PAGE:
Further, Frame fails to distinguish between the broad and narrow sense of worship in his application of the principle. “Thus understood, the regulative principle for worship is no different from the principles by which God regulates all of our life” (42). He concludes, since in broad worship Scripture allows us to apply the specific commands to our circumstances, then we may do the same in narrow worship. As he freely admits, this goes beyond the distinction made in WCF 20:2 (“God alone is lord of the conscience, and hath left it free from the doctrines and commandments of men which are in any thing contrary to his word, or beside it, in matters of faith or worship”). He claims not to contradict the Confession but to go beyond. But the Confession defines the regulative principle purely in matters of corporate worship and government and not broad worship. His new interpretation clearly contradicts the standards.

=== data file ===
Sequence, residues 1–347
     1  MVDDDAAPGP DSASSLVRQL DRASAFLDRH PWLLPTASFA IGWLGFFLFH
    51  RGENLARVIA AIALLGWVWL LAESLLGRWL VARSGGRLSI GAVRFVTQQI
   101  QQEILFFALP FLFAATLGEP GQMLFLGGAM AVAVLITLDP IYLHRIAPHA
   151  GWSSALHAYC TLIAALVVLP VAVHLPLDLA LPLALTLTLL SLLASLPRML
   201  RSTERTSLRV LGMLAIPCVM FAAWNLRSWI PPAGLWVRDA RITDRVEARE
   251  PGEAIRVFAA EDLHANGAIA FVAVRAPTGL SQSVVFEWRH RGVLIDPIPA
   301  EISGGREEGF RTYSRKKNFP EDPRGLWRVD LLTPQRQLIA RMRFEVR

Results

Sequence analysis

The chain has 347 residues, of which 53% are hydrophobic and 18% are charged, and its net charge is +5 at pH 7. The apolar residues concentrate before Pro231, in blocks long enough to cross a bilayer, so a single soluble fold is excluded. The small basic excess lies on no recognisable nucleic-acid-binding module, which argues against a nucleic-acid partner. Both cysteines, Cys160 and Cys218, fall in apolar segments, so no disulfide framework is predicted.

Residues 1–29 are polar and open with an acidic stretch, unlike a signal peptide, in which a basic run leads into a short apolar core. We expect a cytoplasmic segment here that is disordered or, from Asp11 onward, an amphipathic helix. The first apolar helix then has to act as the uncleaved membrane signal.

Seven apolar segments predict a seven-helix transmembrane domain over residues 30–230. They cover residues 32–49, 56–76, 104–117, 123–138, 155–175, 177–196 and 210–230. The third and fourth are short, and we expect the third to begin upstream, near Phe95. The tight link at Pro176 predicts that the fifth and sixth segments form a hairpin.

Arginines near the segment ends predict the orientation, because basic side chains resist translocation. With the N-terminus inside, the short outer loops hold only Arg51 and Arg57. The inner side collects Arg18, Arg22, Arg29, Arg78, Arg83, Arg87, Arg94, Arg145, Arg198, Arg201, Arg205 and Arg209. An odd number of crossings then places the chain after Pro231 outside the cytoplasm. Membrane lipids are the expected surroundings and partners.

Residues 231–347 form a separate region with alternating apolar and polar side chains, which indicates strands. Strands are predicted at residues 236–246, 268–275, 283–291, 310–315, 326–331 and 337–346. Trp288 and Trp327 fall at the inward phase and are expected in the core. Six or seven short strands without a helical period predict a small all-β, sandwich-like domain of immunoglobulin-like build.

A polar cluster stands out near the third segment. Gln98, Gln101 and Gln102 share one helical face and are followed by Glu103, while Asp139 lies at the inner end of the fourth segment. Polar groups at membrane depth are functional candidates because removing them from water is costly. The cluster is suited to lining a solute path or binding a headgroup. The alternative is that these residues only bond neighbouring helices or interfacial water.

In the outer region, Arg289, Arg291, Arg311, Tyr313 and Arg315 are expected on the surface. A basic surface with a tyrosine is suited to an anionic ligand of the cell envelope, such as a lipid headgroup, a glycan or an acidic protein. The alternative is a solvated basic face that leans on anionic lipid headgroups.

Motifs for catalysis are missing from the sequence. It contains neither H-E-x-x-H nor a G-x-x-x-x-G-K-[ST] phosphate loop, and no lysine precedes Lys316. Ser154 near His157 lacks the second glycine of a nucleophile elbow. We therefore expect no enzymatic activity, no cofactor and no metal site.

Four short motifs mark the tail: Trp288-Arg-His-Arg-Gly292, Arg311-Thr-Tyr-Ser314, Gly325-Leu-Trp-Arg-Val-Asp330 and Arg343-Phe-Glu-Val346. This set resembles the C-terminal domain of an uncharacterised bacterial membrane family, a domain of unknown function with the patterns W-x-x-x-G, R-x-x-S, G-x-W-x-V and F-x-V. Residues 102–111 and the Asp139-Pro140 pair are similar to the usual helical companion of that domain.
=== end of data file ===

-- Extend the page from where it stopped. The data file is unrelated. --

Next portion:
Moreover, when he applies the new principle, he says that the regulative principle may not be used “to enforce traditionalism in worship” (45). Again Mr. Frame fails to define his terms. He uses the term “traditionalism” here as worship that is invented by men, while throughout the book he uses the term for the approach that carefully applies the regulative principle to all the elements of worship. Thus, he gives the impression that those whom he opposes are worshipping by man-made traditions.